Battista’s announcement came despite findings by EU scientists that the fuel could actually increase carbon emissions, due to an inability to monitor and account for its source at present.

Jonas Helseth, the EU policy director of Bellona, a foundation that promotes the sustainable use of biomass said that discussions with the EU’s hierarchy had convinced him that the fuel source was a necessary counterweight to Poland’s push for increased use of coal within the EU.

‘Carbon negative’ solutions

“I think the energy security issue is overshadowing everything at the moment and of course biomass is one of Europe’s indigenous energy sources,” he told EURACTIV. “We need to reconcile that new focus on reducing dependence on gas with the EU’s long term targets for climate action.”

Bellona says it was encouraged by a passage in the Intergovernmental Panel on Climate Change’s recent Fifth Assessment report which cited the use of biomass with carbon capture and storage (Beccs) technology as a ‘carbon negative’ solution – one which can actually create net carbon savings.

But this raised hackles with environmentalists, concerned at a switch to unproven and currently unprovable geoengineering strategies for tackling climate change.

Helseth accepted that the EU’s lack of sustainability criteria for woody biomass was a concern. “It goes without saying that importing biomass from rainforests is not a sustainable way of sourcing energy,” he said. “But that’s also the case for importing wood pellets from South Carolina where you have unsustainable practices.”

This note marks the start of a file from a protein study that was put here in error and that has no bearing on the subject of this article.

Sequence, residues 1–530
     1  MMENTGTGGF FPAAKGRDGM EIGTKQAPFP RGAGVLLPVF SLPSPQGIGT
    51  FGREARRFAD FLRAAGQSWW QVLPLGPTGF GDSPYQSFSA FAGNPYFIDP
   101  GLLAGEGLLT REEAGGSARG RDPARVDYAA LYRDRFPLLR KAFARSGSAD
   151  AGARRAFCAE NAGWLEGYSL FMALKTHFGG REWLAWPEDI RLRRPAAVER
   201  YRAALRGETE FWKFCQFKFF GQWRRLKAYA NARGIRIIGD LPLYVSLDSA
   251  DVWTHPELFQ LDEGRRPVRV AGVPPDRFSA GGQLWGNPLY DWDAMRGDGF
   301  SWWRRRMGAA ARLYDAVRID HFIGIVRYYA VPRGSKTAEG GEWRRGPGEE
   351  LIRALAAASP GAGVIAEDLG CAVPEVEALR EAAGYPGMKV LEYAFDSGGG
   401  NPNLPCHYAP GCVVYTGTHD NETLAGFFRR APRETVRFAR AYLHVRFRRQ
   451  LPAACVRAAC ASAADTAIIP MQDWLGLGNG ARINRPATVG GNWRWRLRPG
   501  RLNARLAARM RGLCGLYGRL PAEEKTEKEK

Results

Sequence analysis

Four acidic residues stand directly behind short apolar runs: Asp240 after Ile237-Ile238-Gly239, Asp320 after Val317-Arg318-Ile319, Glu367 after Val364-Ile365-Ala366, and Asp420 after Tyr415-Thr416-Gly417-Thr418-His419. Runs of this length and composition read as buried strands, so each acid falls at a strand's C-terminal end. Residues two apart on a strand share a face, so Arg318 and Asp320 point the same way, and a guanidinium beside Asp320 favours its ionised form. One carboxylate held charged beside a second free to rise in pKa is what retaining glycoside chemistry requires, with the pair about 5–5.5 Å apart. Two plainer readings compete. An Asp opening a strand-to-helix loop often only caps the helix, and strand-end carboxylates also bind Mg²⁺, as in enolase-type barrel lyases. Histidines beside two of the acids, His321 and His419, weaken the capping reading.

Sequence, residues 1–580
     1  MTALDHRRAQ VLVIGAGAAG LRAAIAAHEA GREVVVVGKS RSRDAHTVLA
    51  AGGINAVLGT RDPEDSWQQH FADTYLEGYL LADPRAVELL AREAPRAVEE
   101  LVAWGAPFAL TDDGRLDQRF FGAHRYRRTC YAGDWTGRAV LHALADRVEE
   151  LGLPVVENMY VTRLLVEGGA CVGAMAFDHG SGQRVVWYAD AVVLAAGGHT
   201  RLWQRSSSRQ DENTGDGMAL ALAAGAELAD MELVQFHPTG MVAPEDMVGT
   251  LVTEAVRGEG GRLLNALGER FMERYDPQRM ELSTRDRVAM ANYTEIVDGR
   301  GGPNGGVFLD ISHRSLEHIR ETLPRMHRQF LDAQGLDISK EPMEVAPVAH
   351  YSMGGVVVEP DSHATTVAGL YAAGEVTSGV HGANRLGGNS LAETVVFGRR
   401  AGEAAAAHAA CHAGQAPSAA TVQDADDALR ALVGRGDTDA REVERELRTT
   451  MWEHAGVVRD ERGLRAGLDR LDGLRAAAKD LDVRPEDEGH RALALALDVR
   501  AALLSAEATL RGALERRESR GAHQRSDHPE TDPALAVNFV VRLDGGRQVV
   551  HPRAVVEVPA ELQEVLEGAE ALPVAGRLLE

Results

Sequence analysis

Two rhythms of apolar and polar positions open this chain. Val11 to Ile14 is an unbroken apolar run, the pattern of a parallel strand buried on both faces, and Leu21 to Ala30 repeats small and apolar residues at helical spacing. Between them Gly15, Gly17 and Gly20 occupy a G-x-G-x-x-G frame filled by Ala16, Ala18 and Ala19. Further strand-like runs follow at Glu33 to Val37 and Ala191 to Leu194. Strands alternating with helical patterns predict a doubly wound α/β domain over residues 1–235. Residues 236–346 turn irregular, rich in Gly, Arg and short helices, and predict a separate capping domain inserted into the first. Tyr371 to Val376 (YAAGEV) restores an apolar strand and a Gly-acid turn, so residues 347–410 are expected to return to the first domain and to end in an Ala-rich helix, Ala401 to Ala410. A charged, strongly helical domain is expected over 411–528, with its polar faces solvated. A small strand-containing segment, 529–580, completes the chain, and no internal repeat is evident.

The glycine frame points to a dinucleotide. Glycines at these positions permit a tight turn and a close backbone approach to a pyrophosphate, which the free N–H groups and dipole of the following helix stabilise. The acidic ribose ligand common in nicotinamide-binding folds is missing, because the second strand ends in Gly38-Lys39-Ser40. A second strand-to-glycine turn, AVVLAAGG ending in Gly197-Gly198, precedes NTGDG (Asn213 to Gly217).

“If Europe is not able to ensure that those sustainability criteria are put in place and tested then the whole climate debate may be undermined and any hope of gaining carbon negative emissions from combining biomass with CCS rendered impossible.”

The EU's Renewable Energy Directive set a binding goal to source 20% of the bloc's energy from renewable sources by 2020. This included a target to provide 10% of transport energy from renewable sources, including biofuels.

The directive included voluntary and contested sustainability criteria for biofuels for transport as well as bioliquids in electricity, heating and cooling.

Biomass, either solid or gaseous, is biological material that usually derives from forested wood, agricultural crops and residues, or from biodegradable waste such as municipal waste and sewage sludge.

In order to produce energy, it can be converted directly into heat or electricity or into biofuels or biogas.

  • 2020: EU deadline for member states to source 20% of their energy mix to renewables